Thoughts on life after the PhD
As the years go by grad school can often seem like a series of compromises. You give up a lot of money and creature comforts so that you can pursue something you love. You give up sleep and leisure time so that you can write grant proposals and read approximately five hundred pages per day. You (occasionally) take a break from dating and relationships so that you can focus on building your resume. You attend functions when you’re really rather stay at home so you can get that oh-so-valuable “face time” with important people and remind everyone that you still exist.
As I get ready to begin my sixth year of graduate study, I’m having the kinds of doubt and anxiety that are apparently commonplace. A lot of my colleagues seem to be wondering if it’s all worth it–one friend mentioned that a routine meeting with her advisor ended in her breaking down in tears and admitting that she just wanted to quit. When you’ve put a hell of a lot of work into something and your goal still seems incredibly far away–or maybe even unreachable–it’s natural to just want to get out.
For me, one of the hardest parts of grad life has been the constant uprooting. This wasn’t so bad when I was in my early twenties and the world was ripe for exploring, but as I move into my thirties I’m suddenly a lot more reluctant to leave behind friends, family, and comfortable furniture for uncertain destinations and the obligation to start all over again.
I’ve just learned that I may need to be in Japan for the 2010-2011 academic year doing research on a fellowship, something that my adviser argues is absolutely necessary for me to have any kind of marketability as a professor. I’m sure she’s right, and a few years ago I would have leaped at the chance to live in Japan again. But now I find myself dragging my feet. I’ve just moved into a new apartment with a longterm partner. I’ve spent three years building up friendships in L.A. In short, I dread the thought of having to start from scratch yet again, and the very real possibility that my relationship might not survive an entire year divided by an ocean.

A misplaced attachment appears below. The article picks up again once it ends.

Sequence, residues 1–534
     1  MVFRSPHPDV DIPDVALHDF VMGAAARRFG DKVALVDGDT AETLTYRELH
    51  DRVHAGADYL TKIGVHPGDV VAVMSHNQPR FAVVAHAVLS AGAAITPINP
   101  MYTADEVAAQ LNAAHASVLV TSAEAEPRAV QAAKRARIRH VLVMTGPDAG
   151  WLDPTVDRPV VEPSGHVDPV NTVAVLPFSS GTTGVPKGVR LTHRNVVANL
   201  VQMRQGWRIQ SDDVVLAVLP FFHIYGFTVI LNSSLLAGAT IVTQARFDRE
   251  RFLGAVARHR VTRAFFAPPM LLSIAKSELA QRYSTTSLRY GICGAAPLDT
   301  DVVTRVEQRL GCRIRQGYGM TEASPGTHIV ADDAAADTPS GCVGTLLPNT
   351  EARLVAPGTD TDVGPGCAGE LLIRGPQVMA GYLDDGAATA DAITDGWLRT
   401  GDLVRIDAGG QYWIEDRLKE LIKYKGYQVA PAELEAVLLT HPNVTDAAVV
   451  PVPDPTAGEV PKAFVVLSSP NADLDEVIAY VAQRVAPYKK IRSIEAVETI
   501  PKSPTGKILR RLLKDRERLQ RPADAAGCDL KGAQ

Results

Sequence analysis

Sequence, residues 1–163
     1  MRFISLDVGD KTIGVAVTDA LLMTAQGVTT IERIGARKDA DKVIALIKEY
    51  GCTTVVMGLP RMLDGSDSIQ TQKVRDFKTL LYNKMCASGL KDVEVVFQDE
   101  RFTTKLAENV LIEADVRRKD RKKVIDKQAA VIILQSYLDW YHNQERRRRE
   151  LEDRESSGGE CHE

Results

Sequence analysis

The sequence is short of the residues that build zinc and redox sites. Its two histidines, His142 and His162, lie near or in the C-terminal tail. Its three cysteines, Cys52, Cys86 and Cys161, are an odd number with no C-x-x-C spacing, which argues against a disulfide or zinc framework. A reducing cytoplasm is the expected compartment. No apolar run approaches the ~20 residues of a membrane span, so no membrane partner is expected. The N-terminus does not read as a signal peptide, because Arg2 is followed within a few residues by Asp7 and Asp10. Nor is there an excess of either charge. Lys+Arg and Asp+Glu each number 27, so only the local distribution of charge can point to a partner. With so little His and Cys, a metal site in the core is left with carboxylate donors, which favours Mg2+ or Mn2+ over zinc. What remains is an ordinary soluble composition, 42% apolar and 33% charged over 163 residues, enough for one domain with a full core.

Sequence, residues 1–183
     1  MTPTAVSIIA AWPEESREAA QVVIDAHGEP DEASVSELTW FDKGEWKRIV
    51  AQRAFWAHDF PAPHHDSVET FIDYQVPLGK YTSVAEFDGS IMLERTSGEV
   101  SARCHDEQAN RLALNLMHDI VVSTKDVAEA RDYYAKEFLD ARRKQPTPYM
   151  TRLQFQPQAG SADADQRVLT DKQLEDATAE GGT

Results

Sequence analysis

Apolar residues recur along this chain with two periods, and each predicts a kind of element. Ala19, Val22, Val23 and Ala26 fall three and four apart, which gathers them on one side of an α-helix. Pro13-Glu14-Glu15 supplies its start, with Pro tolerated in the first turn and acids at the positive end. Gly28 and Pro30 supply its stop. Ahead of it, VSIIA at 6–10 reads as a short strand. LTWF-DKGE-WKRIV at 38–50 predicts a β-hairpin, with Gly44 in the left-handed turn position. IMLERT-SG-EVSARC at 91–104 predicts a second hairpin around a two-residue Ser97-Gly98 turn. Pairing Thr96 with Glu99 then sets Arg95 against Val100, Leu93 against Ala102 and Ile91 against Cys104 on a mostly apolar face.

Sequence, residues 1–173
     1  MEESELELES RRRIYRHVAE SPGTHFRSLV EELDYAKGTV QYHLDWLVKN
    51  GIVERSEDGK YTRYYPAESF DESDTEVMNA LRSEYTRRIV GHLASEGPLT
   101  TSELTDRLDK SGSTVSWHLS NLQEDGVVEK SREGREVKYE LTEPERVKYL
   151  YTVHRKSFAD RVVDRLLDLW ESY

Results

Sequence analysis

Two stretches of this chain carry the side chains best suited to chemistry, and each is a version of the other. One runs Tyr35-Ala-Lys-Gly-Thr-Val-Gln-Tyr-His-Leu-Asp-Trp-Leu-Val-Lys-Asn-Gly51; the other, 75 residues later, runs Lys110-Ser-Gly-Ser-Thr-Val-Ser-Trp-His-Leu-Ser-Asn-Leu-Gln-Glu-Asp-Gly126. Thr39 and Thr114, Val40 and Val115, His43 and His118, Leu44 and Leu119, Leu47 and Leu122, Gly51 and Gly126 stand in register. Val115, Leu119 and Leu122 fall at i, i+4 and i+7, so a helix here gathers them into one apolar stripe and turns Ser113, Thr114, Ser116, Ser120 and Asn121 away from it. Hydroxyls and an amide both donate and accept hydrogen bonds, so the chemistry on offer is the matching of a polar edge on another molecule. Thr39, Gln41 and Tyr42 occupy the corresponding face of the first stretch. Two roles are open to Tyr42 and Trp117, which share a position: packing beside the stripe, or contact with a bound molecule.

What’s worse is that I know this won’t be the last time I’ll be forced to uproot–not even close. After I get back from Japan I’ll likely have to go wherever I can find work or a postdoc fellowship–probably in a small town in middle America where I don’t know a soul. And after I’ve done my year or two in the trenches I’ll probably uproot again for better work. A colleague recently told me that grad students really can’t expect to lead settled lives until they’re in their forties. That really depressed me.
Maybe some people are good at moving from place to place and immediately establishing networks of friends and acquaintances, but I’m not. It takes a long time for me to feel comfortable somewhere, and the interim period is usually really lonely and anxious. I’d like to think that being forced to uproot repeatedly will also force me to get comfortable quicker, but I’m not sure that’s the way it works.
I hope it’s all worth it. I think it is, if only because I really can’t see myself doing anything else, and despite all the horrible things that have happened to the American university system and academia in general I still have the sense that it’ll be possible for me to do good with my PhD. The permanent living space with the non-IKEA furniture can wait–for now, anyway.
writing•translation•scholarship on Japan (and a few other things)
tales of travel, research, and life
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